TL;DR: In this paper, a three-dimensional numerical analysis of a well-monitored DCM (deep cement mixing) column-supported embankment for a highway in Thailand is presented, and the results are compared with the field measurements, including settlement, load distribution between soil and DCM columns, excess pore water pressure and lateral movement.
Abstract: This paper presents a three-dimensional numerical analysis of a well-monitored DCM (deep cement mixing) column-supported embankment for a highway in Thailand. A coupled three-dimensional mechanical and hydraulic numerical model was used for this analysis, and the results are compared with the field measurements, including settlement, load distribution between soil and DCM columns, excess pore water pressure and lateral movement. The numerical model reasonably simulated the performance of the DCM column-supported embankment compared to the observed data. From the field measurements, the surrounding soils carried approximately half an embankment load, while the rest was transferred to the stronger soil layers below. The computed maximum bending moment in the column under the toe of the embankment was located at the interlayer between the fill material and soft clay due to the existence of thick fill material layer. A parametric study was conducted to investigate the influence of five key factors on the performance of the DCM column-supported embankment. The parametric study indicated that the factor of safety against bending moment failure ( FS bending ) seems to be the most important factor of safety to design in this study. The embedded column was more suitable than a fixed column to support high embankment load due to the higher moment capacity of the column with the same improvement area ratio a r , while the reduction ratios of settlement ( R s ) and lateral movement ( R l ) were not significantly different. If the floating column is chosen, sufficient improvement depth to produce the column tip laterally restrained is necessary to not only reduce the lateral movement but also increase the FS bending . The d r of greater than 0.7 is suggested in this study.
TL;DR: In this paper, a three-dimensional bonded contact model is developed to simulate the mechanical behavior of bonded granular material using the discrete element method, where the strength and stiffness of the bond material are incorporated into a previous unbonded contact model where the complete interactions in the normal, tangential, rolling and torsional directions are included.
Abstract: A three-dimensional bonded contact model is developed in this study to simulate the mechanical behavior of bonded granular material using the Discrete Element Method. Two types of bonded contact are identified, i.e. parallel bond contact where the bond material deposits at a physical contact (two particles being in contact) and serial bond contact where the bond material deposits at a virtual contact (two particles being close but not in contact). The strength and stiffness of the bond material are incorporated into a previous unbonded contact model where the complete interactions in the normal, tangential, rolling and torsional directions are included. A grain is simplified as a sphere and the bond material is idealized in shape as a cylinder with concave ends complementary with the surfaces of the two bonded spheres. The effect of such bond geometry is considered in terms of bond strength and stiffness. The bond failure criterion can capture the coupled effect of normal force, shear force, rolling moment and torque on bond breakage. Parametric studies in DEM simulations show that the bond material properties, the bond content and the bond distribution all influence the behavior of cemented sand. With an increase in bond content or decrease in confining pressure, the mechanical behavior of cemented sand evolves from dilation-dominant where the peak state coincides with the maximum dilation rate, to bond-dominant where the peak state coincides with the maximum bond breakage rate. Microscopic statistics shows that the contributions of shear force and rolling moment to bond failure are statistically equal, both significantly greater than the contribution of torque.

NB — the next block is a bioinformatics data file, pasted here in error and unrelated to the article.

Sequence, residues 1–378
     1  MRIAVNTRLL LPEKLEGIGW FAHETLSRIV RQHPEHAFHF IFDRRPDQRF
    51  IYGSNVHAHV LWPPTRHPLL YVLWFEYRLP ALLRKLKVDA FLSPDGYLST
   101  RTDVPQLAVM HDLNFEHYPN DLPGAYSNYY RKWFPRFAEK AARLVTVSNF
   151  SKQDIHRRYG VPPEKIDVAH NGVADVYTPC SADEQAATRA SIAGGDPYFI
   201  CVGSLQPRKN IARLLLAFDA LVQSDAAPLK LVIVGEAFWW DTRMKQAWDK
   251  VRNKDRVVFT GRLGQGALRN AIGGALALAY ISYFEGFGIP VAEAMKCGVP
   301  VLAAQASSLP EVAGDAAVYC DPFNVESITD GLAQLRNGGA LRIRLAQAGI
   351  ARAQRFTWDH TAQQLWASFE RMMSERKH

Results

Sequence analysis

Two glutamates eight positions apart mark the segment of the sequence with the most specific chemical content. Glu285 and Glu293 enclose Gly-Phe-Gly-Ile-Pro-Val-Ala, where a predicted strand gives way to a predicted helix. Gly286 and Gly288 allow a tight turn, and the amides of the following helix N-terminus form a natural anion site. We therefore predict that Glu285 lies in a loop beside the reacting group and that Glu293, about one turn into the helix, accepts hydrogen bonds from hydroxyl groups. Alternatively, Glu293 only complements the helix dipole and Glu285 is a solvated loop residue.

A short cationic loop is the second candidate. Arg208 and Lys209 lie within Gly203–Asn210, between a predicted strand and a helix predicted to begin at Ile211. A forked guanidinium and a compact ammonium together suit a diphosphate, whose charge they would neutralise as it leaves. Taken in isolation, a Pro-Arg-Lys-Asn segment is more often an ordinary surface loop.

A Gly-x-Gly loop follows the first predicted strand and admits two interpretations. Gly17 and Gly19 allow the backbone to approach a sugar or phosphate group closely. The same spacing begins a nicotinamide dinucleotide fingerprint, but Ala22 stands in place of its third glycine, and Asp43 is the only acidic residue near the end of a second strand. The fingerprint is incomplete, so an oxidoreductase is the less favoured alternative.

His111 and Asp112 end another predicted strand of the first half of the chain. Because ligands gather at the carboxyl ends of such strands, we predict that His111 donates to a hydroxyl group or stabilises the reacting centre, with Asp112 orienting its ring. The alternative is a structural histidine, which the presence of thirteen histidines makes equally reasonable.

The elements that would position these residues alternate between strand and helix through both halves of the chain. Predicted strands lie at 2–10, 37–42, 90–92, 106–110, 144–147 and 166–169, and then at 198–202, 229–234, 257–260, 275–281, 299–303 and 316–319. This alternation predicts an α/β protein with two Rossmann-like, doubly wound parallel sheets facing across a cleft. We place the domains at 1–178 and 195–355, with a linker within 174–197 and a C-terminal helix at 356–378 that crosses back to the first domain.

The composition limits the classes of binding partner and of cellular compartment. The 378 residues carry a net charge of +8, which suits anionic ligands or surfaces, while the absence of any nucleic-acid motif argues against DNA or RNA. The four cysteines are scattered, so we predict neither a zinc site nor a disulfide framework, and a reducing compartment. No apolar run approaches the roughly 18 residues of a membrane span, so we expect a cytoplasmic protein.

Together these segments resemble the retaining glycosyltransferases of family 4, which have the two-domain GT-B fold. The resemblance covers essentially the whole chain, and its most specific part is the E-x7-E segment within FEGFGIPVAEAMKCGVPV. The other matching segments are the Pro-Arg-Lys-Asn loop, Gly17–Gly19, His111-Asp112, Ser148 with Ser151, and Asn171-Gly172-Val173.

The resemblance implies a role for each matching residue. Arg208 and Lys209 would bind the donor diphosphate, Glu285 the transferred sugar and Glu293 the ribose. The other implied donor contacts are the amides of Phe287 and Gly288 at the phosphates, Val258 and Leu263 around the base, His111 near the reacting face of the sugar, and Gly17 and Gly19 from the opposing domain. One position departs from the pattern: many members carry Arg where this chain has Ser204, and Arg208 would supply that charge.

TL;DR: In this paper, an auxiliary random finite element method (ARFEM) is proposed for efficient 3D slope reliability analysis and risk assessment considering spatial variability of soil properties, which mainly consists of two steps: (1) preliminary analysis using a relatively coarse finite-element model and Subset Simulation, and (2) target analysis with a detailed finite element model and response conditioning method.
Abstract: This paper aims to propose an auxiliary random finite element method (ARFEM) for efficient three-dimensional (3-D) slope reliability analysis and risk assessment considering spatial variability of soil properties. The ARFEM mainly consists of two steps: (1) preliminary analysis using a relatively coarse finite-element model and Subset Simulation, and (2) target analysis using a detailed finite-element model and response conditioning method. The 3-D spatial variability of soil properties is explicitly modeled using the expansion optimal linear estimation approach. A 3-D soil slope example is presented to demonstrate the validity of ARFEM. Finally, a sensitivity study is carried out to explore the effect of horizontal spatial variability. The results indicate that the proposed ARFEM not only provides reasonably accurate estimates of slope failure probability and risk, but also significantly reduces the computational effort at small probability levels. 3-D slope probabilistic analysis (including both 3-D slope stability analysis and 3-D spatial variability modeling) can reflect slope failure mechanism more realistically in terms of the shape, location and length of slip surface. Horizontal spatial variability can significantly influence the failure mode, reliability and risk of 3-D slopes, especially for long slopes with relatively strong horizontal spatial variability. These effects can be properly incorporated into 3-D slope reliability analysis and risk assessment using ARFEM.